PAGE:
Bobby Cox is a fiery guy. He holds the all-time record for ejections as a major league manager. By arguing with umpires so often, Cox reminds his players that this pitch in this game is the most important one of the season. It reminds the players that in mid-August, when they might be a bit fatigued, their manager is hanging on the next pitch like it is Game 7 of the World Series.
Now you may think that Cox's fiery disposition places him in the emotional manager category, but in reality he has the ability to compartmentalize his emotions. Despite his angry displays with umpires, he is as positive and upbeat as there is when it comes to his players. He is fatherly, or dare I say grandfatherly in his approach.
Said one of his players: "When you are 2-for-20, he makes you feel like you have gone 15 for your last 20. When you make a mistake he takes the blame for you and says that it was his fault that he didn't put the player in a place to succeed."
He is beloved and respected by his team.
Lou Piniella had a long and successful career as a manager, and while he definitely falls under the screamer classification, he had long-term success because he was very, very consistent in relating with people. You knew what to expect, so even though he was emotional, he was predictable too.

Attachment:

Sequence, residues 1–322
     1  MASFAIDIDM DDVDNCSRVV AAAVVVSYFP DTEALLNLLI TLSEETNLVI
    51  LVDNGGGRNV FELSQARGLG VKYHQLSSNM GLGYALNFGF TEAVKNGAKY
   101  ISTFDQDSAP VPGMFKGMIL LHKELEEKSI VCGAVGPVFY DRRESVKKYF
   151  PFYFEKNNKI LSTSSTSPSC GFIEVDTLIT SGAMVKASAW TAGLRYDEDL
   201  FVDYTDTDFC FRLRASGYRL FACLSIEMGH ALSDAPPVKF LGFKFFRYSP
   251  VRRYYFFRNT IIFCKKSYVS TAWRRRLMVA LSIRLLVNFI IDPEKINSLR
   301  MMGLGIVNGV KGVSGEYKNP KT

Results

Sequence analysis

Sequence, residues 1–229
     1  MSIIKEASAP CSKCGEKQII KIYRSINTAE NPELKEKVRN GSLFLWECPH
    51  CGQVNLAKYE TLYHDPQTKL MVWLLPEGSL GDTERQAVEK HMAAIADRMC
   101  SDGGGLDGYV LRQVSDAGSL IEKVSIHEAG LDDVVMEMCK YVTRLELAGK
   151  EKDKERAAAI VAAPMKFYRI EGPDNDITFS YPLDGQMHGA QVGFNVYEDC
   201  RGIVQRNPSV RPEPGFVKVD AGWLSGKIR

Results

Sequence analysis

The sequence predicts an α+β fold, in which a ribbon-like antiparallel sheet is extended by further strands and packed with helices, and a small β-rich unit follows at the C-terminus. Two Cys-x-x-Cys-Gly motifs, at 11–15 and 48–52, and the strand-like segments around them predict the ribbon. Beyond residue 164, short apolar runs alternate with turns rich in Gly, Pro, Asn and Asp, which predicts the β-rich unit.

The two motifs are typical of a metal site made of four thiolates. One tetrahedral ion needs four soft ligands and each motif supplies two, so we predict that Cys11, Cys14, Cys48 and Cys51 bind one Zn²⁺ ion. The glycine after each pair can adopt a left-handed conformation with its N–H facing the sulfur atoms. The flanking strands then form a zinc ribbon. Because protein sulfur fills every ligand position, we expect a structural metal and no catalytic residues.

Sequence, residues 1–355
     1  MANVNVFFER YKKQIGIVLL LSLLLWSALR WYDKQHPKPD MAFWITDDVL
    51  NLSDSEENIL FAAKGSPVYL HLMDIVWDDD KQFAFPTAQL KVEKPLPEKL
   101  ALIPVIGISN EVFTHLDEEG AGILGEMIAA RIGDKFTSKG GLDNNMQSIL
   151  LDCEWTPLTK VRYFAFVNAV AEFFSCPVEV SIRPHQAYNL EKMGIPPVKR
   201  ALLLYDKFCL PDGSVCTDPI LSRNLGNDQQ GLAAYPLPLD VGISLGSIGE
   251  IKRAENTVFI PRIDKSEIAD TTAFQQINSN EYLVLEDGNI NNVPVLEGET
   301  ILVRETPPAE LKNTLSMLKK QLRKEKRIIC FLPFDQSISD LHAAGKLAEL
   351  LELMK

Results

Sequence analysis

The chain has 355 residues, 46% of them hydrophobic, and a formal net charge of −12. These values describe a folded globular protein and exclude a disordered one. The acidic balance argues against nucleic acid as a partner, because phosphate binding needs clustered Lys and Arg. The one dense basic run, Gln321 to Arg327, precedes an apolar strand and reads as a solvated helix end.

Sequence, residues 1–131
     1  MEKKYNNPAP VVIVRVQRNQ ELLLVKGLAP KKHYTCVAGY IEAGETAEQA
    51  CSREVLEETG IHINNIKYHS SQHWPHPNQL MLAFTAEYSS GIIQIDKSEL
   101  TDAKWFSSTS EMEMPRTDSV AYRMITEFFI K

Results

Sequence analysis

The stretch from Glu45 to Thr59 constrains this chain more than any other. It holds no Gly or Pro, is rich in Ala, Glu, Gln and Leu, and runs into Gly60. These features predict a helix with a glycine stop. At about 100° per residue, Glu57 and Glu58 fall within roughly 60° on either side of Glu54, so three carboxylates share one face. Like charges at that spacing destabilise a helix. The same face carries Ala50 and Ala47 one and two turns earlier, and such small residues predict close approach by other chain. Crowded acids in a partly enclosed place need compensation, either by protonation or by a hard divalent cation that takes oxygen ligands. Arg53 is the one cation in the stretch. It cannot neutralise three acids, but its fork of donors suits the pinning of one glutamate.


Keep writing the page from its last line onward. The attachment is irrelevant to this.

Piniella was also a great manager for offensive players. He was a great hitter himself, and he possessed a unique ability to relate to young hitters.
There is a belief in baseball that a manager can't motivate his players on a daily basis because the season is 162 games long. Players can't get too high or too low. Rah-rah speeches don't work because at some point the players tune out the messenger. No manager or player has the energy to ramp things up everyday. So when a manager's message lingers it can have a lasting impact.
Jim Leyland is by far the most impactful speaker and messenger among managers. When one listens to Leyland, it becomes apparent that he speaks in a way that is easy for his players to digest. Numerous times I would talk to Leyland about his team and their approach and then when I spoke to his players, they would regurgitate Leylandisms. It was clear that he communicated with his players every day, and that they heard him.
The best managers are the ones who can be a different manager for each player. Some guys need a pat on the back, while others need a kick in the pants. Some need to be calmed down, while others need a fire lit under them. In order to maximize the performance of every player, the manager needs to know the player and what makes him tick.